UCLA vows to turn disappointment into Final Four run next season

Whenever she wants to pass on a workout, give in to the urge to linger on the couch instead of going to the gym to take more shots, Gabriela Jaquez will revisit the way she felt amid the hush of UCLA’s locker room inside MVP Arena.

The pain. The disappointment. The anguish at not getting it done for the teammates who won’t be back.

“When I’m feeling lazy at times, think about this because I don’t want to be here again, I don’t like losing,” Jaquez said after the Bruins’ season ended Saturday with a 78-69 loss to Louisiana State in a semifinal of the Albany 2 Regional of the NCAA women’s basketball tournament. “I think I just need to get better in the offseason and keep working.”

Improvement was a theme sounded by players and coach Cori Close alike after UCLA lost during the NCAA tournament’s second weekend. The Bruins have reached the Sweet 16 five times under Close, with an additional trip to the Elite Eight in 2018.

LSU guard Mikaylah Williams and UCLA forward Gabriela Jaquez battle for the ball during their Sweet 16 matchup Saturday in Albany, N.Y.

(Hans Pennink / Associated Press)

After arriving as a transfer from Stanford, highly skilled forward Lauren Betts was widely viewed as the player who could take UCLA to the Final Four for the first time since it was playing in the Assn. for Intercollegiate Athletics for Women tournament in 1979.

Betts starred as predicted for a team that finished tied with USC for second place in the Pac-12 standings. But the Bruins lost several close games — including a three-point setback against Washington State, a buzzer-beater against Oregon State and a double-overtime defeat against USC — that not only dropped them to a No. 2 seed in the NCAA tournament but shipped them all the way across the country to play in the so-called Group of Death alongside top-seeded Iowa and defending champion LSU.

“There’s three games specifically that we know let get away that — not taking anything away from those other teams, but we had opportunities to close them; we didn’t,” Close said. “That’s why we’re on the East Coast. We have nobody to blame but ourselves for that.”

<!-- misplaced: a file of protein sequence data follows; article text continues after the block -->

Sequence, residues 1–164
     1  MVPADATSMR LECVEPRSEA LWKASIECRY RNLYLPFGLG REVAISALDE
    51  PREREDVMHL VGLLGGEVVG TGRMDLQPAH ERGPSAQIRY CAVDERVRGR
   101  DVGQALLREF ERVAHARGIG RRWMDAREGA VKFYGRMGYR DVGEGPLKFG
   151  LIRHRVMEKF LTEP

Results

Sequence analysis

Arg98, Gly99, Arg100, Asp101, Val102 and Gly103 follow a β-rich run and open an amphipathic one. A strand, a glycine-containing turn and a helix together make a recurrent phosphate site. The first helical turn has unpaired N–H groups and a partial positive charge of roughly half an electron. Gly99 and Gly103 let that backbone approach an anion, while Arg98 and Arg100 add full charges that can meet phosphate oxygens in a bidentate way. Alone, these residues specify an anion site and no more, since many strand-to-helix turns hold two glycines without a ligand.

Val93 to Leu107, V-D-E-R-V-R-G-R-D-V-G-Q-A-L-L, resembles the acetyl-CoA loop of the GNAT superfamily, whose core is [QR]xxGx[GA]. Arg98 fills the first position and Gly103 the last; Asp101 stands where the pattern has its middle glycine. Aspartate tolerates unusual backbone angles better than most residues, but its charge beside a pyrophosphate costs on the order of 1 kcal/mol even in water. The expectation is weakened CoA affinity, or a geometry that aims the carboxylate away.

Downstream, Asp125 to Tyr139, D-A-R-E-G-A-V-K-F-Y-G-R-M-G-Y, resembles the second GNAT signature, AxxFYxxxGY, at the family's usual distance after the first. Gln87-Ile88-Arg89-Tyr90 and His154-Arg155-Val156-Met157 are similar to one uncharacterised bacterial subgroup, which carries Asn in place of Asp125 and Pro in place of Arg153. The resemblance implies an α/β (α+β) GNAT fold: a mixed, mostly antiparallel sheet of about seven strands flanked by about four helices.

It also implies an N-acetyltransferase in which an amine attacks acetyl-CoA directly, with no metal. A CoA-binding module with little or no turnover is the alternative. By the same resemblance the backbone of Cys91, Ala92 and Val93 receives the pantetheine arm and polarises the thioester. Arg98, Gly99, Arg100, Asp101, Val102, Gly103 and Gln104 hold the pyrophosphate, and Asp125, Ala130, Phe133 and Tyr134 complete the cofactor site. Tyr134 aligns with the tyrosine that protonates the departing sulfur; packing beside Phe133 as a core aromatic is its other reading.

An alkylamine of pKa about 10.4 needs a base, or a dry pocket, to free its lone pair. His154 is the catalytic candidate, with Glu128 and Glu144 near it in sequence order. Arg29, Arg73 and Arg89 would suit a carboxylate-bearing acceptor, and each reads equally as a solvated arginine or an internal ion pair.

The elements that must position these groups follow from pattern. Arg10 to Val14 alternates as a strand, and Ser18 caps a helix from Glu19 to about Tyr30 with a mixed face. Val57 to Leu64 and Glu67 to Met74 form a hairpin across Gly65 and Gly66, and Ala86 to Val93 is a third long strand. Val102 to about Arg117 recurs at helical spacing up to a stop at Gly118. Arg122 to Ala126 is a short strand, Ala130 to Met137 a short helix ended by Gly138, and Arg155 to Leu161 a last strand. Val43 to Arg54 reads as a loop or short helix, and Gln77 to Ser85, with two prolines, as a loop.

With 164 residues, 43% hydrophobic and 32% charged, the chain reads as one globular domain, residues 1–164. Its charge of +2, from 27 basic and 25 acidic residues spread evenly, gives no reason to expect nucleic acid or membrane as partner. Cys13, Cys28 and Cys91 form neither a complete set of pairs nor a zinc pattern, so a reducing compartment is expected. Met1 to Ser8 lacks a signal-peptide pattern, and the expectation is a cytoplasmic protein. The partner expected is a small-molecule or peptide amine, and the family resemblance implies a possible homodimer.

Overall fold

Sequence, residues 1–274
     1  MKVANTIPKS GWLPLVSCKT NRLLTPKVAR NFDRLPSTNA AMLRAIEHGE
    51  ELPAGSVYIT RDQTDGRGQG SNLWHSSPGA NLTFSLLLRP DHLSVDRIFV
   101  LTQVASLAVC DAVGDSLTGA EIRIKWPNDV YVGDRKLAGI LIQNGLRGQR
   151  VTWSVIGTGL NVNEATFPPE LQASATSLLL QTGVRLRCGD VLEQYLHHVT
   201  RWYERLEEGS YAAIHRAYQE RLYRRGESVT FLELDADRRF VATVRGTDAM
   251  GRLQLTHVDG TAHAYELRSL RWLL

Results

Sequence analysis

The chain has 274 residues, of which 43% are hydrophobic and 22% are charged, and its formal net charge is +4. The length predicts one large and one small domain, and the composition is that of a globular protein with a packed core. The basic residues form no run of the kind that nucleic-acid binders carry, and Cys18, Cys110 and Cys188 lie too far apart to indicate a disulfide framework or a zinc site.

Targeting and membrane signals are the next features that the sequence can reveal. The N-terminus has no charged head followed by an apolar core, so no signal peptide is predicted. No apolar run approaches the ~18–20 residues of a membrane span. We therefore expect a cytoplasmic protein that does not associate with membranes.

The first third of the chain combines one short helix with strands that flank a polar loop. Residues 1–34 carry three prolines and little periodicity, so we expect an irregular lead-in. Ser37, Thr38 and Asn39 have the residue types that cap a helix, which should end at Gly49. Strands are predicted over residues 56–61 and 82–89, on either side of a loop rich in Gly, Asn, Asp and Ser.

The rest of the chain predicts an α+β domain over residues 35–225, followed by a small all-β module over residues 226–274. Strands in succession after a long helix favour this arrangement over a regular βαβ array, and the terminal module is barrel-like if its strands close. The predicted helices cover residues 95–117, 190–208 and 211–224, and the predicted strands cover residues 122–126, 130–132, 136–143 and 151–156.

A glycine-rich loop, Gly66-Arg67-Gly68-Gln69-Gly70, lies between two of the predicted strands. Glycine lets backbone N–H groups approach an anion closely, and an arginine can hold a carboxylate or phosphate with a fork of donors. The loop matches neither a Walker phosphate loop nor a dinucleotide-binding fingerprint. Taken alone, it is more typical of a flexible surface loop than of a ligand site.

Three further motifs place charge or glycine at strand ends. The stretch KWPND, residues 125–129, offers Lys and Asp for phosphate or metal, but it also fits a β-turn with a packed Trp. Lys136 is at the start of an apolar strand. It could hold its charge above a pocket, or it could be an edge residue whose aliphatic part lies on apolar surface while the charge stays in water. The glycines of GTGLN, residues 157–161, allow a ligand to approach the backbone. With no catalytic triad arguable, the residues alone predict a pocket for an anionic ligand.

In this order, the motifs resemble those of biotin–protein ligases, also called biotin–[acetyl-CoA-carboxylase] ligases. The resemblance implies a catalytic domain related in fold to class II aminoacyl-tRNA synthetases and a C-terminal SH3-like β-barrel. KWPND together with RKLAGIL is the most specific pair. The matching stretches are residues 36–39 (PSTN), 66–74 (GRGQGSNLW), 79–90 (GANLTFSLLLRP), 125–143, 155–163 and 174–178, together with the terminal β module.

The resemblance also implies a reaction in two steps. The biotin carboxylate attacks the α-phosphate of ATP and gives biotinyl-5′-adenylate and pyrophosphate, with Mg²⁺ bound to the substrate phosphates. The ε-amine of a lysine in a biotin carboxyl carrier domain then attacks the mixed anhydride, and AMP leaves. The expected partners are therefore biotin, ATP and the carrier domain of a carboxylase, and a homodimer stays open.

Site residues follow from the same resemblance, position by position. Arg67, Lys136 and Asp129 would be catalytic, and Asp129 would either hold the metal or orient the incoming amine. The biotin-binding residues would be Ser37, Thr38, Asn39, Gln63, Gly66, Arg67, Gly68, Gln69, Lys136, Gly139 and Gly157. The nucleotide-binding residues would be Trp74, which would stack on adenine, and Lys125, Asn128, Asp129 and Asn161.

They nearly persevered, taking a three-point lead over LSU with 2½ minutes left before faltering amid the Tigers’ game-ending 14-2 run.

“I will play this over and over in my head and try to figure out from my perspective how I could have led them better or different,” Close said. “But you’re not going to win games in this level giving up 30 points in the fourth quarter. Again, I’m the head coach. I’m responsible. They’re young. I need to lead them better, and I need to lead them into situations where they have the confidence and that we execute in those scenarios. Youth cannot be our excuse.”

The Bruins could get even younger next season, depending on how a few decisions play out. Seniors Charisma Osborne and Cam Brown are departing and Izzy Anstey announced her retirement from basketball, but Angela Dugalic and Emily Bessoir have the option to return next season.

Another top-five recruiting class that includes five-star guard Avary Cain, five-star wing Kendall Dudley and five-star forward Zania “Big Z” Socka in addition to highly touted guard Elina Aarnisalo of Finland will provide the latest infusion of talent for a coach who has logged many wins on the recruiting trail.

What matters now is taking that talent to the Final Four.

UCLA guard Charisma Osborne drives around LSU guard Hailey Van Lith during the fourth quarter of their Sweet 16 game

UCLA guard Charisma Osborne (20) drives around LSU guard Hailey Van Lith during the fourth quarter of their Sweet 16 game Saturday in Albany, N.Y.

(Mary Altaffer / Associated Press)

“That’s my job in this offseason to figure out how we can earn more, and what does that look like from my leadership, what does it look like from the growth within the players, what does it look like in our player development and team development for these high-pressured moments,” Close said.

“I think that has to be our next step, and we have to be able to … find ways to adjust, to pivot, to overcome, to conquer [in pursuit] of the excellence that we’re going for.”

If Dugalic returns, the Bruins could have four of their primary starters back in their bid to get past what’s continually become a lost weekend in the NCAA tournament.

“I mean, I think we’re capable of it, for sure,” sophomore point guard Kiki Rice said of achieving the long-awaited breakthrough. “We’re going to have to continue to learn about how to win close games like this because we’ve had a few tough games throughout this year that we’ve lost by a possession or two and it comes down to just a few possessions, but we’ll continue to use that experience from this year and build on it.”

For Jaquez, that means a relentless pursuit of enhancing her game so that she never has to feel this way again.

“I have a lot of things I want to improve on, to be honest — being a better defender, continuing to work on my shot,” Jaquez said. “The list is longer, but those are a few, but I think just using this to motivate me because I’m very disappointed.”

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